The term ‘bottle episode’ is not something that is commonly known amongst casual viewers of any series, and yet a very high percentage of people have watched one at least at some point in their lives.
You may have noticed on certain occasions that your favourite series might air an episode that involves only a few of the main cast members and be set in just one secluded location, barely moving out of the confines of that setting. That is a general example of a bottle episode, for which there are various uses and reasons behind it.
Coining of the term
Leslie Stevens, the creator and executive producer of the 1960s TV series The Outer Limits, coined the term ‘bottle show for an episode made in very little time at very little cost, attributing it to ‘pulling a genie out a bottle’.
The earliest known use of the term ‘bottle episode’ dates from 2003. Yet another colloquial comparison is to a ‘ship in a bottle’ scenario which some people claim is the true origin of the term.
Uses of a bottle episode
A bottle episode is produced cheaply and restricted in scope to use as few regular cast members, effects, and sets as possible. It is usually shot on sets built for other episodes, frequently the main interior sets for a series, and consist largely of dialogue and scenes for which no special preparations are needed.
This keeps production costs down because no one needs to scout locations, build new sets, or create fancy CGI graphics of the outside of the spaceship. Bottle episodes are often a chance for a slow, characterization-filled episode before/after a big special-effects-laden action episode.
Bottle episodes often place a higher burden on the writers than a normal episode. Due to limitations in locations and cast, the writers have to lean heavily on inventive situations and dialogue to carry the show. One advantage of a bottle episode is that it comes equipped with its own reason for why the characters need to stay together and communicate, an essential part of screenwriting.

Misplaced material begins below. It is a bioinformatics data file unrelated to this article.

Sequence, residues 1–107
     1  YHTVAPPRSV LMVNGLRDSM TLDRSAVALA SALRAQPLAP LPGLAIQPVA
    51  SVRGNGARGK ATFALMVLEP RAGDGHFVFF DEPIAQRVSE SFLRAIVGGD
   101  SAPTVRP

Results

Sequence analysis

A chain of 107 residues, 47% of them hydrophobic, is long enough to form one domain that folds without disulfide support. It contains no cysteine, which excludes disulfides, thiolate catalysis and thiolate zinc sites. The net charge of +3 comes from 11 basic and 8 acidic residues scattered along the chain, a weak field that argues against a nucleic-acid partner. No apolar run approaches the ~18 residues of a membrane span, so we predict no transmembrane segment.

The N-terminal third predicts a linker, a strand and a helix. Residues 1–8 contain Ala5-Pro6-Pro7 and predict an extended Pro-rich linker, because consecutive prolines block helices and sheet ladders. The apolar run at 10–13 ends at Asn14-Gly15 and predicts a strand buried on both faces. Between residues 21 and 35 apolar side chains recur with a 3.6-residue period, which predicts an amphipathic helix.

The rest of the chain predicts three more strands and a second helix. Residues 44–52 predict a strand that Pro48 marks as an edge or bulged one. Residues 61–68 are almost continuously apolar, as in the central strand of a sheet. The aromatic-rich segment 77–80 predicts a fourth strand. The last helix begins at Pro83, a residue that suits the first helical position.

They can also be used to incorporate major current events into the flow of a long-running series, such as the episode of The West Wing following the September 11 attacks, or the episode of Chicago Fire in response to the COVID-19 pandemic.
Seinfeld’s ‘The Chinese Restaurant’ was refused by NBC numerous times, almost causing Larry David to leave the show. The episode is viewed as a classic and said to have “[broken] new ground” for both the show and sitcoms.
The popularity of the Friends bottle episode ‘The One Where No One’s Ready’ led the producers to create at least one bottle episode in each season. The bottle episode on Brooklyn Nine-Nine, ‘The Box’, is rated as one of the best by its viewers.
Community, a comedy series that regularly broke the fourth wall and has became cult phenomenon amongst fans produced a meta-example titled “Cooperative Calligraphy”.
After the opening, characters Jeff Winger (Joel McHale) and Abed Nadir (Danny Pudi) both refer to the situation as a bottle episode. The entire episode is set inside a study room of the college with only the main cast. Its plot centers around the pen of the character Annie Edison (Alison Brie) going missing as she refuses to let anyone else leave the study room until they come forward with it.
The BoJack Horseman episode ‘Free Churro’ features the title character giving a monologue in front of a static background for 20 minutes of the episode’s 26-minute runtime. The entire episode was voiced by a single voice-actor and is considered one of the greatest bottle episodes of all time.
Breaking Bad’s ‘Fly’ makes 47 compelling and deeply moving minutes of television out of Walt and Jesse’s frustration with a pesky insect. Though the episode was borne from production budget restrictions, it remains one of the series’ highlights.